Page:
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Old 11-24-2012, 06:22 PM   #1
Clint04
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Default Question About Adding Oak to a Peach Lambic

I have a Peach Lambic that I intend to bottle in February, but want to oak first. I think that Pinot Grigio soaked oak cubes would work well in a Peach Sour, but I had a couple of questions first:

- What type of oak do you recommend for a Fruit Lambic?

- How long should I soak the oak cubes in the wine?

- Should I add just the oak chips to the Lambic, discarding the (presumably) Tannic wine?

- How long do you think the Lambic would have to sit on the oak?

Thanks!
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Old 11-24-2012, 06:27 PM   #2
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Lambic usually doesn't have any oak charcter to it so my answer would be not to add any at all.


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Old 11-24-2012, 06:31 PM   #3
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IMHO, an ounce of light toasted American or French Oak chips should do the trick. Add them to a grain bag with a sanitized stone at the bottom of the bag to weigh it down.

When I do my Scotch ales, I soak the chips for about a week in single malt scotch. I would probably use the same treatment with the wine. Boil the oak to sanitize for ten minutes and then let them soak in the wine in a covered jar at room temperature for about a week or so. Then, add them to the grain bag and sink them into the lambic.

For my Scotch ales, you'll see results within a few days. Mine get a week on an ounce of oak chips, which is just enough to give it a subtle whiskey oak note on the back of the tongue. The only way to do it right with your situation is to thief a little of the lambic every day and taste it. When it tastes just a little bit stronger than you'd like, that's the time to bottle it up. The oak flavor fades fast, so slightly over-oaking is just where you want to be with another two weeks to go priming in a keg or bottles.
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Old 11-24-2012, 06:37 PM   #4
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Quote:
Originally Posted by ReverseApacheMaster View Post
Lambic usually doesn't have any oak charcter to it so my answer would be not to add any at all.
At first, we weren't going to add any oak, but it is pretty damn sour. We were thinking a little oak could balance out the sourness. But we also do intend to enter this in a couple competitions, so maybe oak isn't the way to go.
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Old 11-24-2012, 06:38 PM   #5
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Quote:
Originally Posted by aiptasia View Post
IMHO, an ounce of light toasted American or French Oak chips should do the trick. Add them to a grain bag with a sanitized stone at the bottom of the bag to weigh it down.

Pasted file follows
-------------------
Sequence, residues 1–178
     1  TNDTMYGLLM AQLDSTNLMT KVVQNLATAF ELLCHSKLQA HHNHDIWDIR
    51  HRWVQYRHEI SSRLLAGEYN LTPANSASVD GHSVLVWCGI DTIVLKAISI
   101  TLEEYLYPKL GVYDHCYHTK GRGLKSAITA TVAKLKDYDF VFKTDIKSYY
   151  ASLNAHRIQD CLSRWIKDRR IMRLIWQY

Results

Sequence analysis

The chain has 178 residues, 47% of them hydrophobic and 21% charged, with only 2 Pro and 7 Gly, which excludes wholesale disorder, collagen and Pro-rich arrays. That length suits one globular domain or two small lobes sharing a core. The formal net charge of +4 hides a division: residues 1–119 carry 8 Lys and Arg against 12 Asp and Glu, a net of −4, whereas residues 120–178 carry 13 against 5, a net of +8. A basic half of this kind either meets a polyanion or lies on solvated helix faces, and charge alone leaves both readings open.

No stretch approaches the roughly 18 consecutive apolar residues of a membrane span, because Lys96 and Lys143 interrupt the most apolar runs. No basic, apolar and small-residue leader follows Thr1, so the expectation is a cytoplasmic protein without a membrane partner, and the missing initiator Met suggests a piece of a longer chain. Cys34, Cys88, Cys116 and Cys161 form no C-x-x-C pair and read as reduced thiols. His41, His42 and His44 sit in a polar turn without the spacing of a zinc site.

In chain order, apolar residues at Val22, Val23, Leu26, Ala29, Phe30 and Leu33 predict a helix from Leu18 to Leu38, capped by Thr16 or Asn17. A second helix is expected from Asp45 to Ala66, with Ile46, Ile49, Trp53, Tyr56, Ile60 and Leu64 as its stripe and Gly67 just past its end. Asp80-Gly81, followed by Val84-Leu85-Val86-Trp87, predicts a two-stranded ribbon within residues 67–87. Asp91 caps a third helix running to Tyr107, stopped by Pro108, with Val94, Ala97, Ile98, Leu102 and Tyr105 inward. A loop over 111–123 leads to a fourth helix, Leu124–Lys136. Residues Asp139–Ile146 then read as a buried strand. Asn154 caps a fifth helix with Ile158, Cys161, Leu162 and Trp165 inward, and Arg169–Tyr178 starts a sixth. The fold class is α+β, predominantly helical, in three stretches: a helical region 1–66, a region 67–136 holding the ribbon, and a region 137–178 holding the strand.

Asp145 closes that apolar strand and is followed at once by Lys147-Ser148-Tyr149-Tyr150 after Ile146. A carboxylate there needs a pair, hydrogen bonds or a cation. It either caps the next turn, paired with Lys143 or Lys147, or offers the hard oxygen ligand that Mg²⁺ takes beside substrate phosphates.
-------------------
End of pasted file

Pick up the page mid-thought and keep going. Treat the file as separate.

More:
When I do my Scotch ales, I soak the chips for about a week in single malt scotch. I would probably use the same treatment with the wine. Boil the oak to sanitize for ten minutes and then let them soak in the wine in a covered jar at room temperature for about a week or so. Then, add them to the grain bag and sink them into the lambic.

For my Scotch ales, you'll see results within a few days. Mine get a week on an ounce of oak chips, which is just enough to give it a subtle whiskey oak note on the back of the tongue. The only way to do it right with your situation is to thief a little of the lambic every day and taste it. When it tastes just a little bit stronger than you'd like, that's the time to bottle it up. The oak flavor fades fast, so slightly over-oaking is just where you want to be with another two weeks to go priming in a keg or bottles.
Thanks!
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Old 11-24-2012, 08:54 PM   #6
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Here's how I'd oak- take some chips, boil them for fifteen minutes, and then soak them in whatever wine you'd like. This way, it removes the astringency and woody tannins in oak that'd taste terrible. I think you're confusing oak and bourbon-and-oak aging, as oaking typically makes it more bitter, which is the one flavor that NEVER works in sours. Bourbon-oaking uses the sweet carmalization in bourbon to offset the wood IMO.

The advantage of using boiled chips is that is sterilizes the chips, removes the oak flavor, but allows the bugs in the beer to start chewing on the wood, so when you rack out, you can transfer the bugs on those chips to another beer if you like.
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Old 11-25-2012, 06:38 AM   #7
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I like oak cubes over chips. I find the flavor smoother and more subtle.


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